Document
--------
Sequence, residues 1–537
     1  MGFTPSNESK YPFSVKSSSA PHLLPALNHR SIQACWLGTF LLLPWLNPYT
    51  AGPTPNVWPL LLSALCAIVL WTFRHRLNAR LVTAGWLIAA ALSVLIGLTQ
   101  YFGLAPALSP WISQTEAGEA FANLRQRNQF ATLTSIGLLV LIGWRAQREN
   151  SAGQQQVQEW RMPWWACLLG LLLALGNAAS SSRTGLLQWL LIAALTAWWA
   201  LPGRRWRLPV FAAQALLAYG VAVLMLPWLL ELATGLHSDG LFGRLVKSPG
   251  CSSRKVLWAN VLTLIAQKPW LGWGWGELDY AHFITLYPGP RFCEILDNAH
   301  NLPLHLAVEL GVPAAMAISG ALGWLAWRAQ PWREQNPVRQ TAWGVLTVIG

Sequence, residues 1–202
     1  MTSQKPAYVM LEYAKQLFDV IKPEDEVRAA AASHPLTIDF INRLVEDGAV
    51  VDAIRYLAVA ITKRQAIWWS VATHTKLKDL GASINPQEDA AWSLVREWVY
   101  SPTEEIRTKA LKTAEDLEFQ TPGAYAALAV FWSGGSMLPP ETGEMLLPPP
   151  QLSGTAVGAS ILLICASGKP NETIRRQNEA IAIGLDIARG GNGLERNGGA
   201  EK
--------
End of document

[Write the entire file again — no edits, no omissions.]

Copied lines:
Sequence, residues 1–537
     1  MGFTPSNESK YPFSVKSSSA PHLLPALNHR SIQACWLGTF LLLPWLNPYT
    51  AGPTPNVWPL LLSALCAIVL WTFRHRLNAR LVTAGWLIAA ALSVLIGLTQ
   101  YFGLAPALSP WISQTEAGEA FANLRQRNQF ATLTSIGLLV LIGWRAQREN
   151  SAGQQQVQEW RMPWWACLLG LLLALGNAAS SSRTGLLQWL LIAALTAWWA
   201  LPGRRWRLPV FAAQALLAYG VAVLMLPWLL ELATGLHSDG LFGRLVKSPG
   251  CSSRKVLWAN VLTLIAQKPW LGWGWGELDY AHFITLYPGP RFCEILDNAH
   301  NLPLHLAVEL GVPAAMAISG ALGWLAWRAQ PWREQNPVRQ TAWGVLTVIG

Sequence, residues 1–202
     1  MTSQKPAYVM LEYAKQLFDV IKPEDEVRAA AASHPLTIDF INRLVEDGAV
    51  VDAIRYLAVA ITKRQAIWWS VATHTKLKDL GASINPQEDA AWSLVREWVY
   101  SPTEEIRTKA LKTAEDLEFQ TPGAYAALAV FWSGGSMLPP ETGEMLLPPP
   151  QLSGTAVGAS ILLICASGKP NETIRRQNEA IAIGLDIARG GNGLERNGGA
   201  EK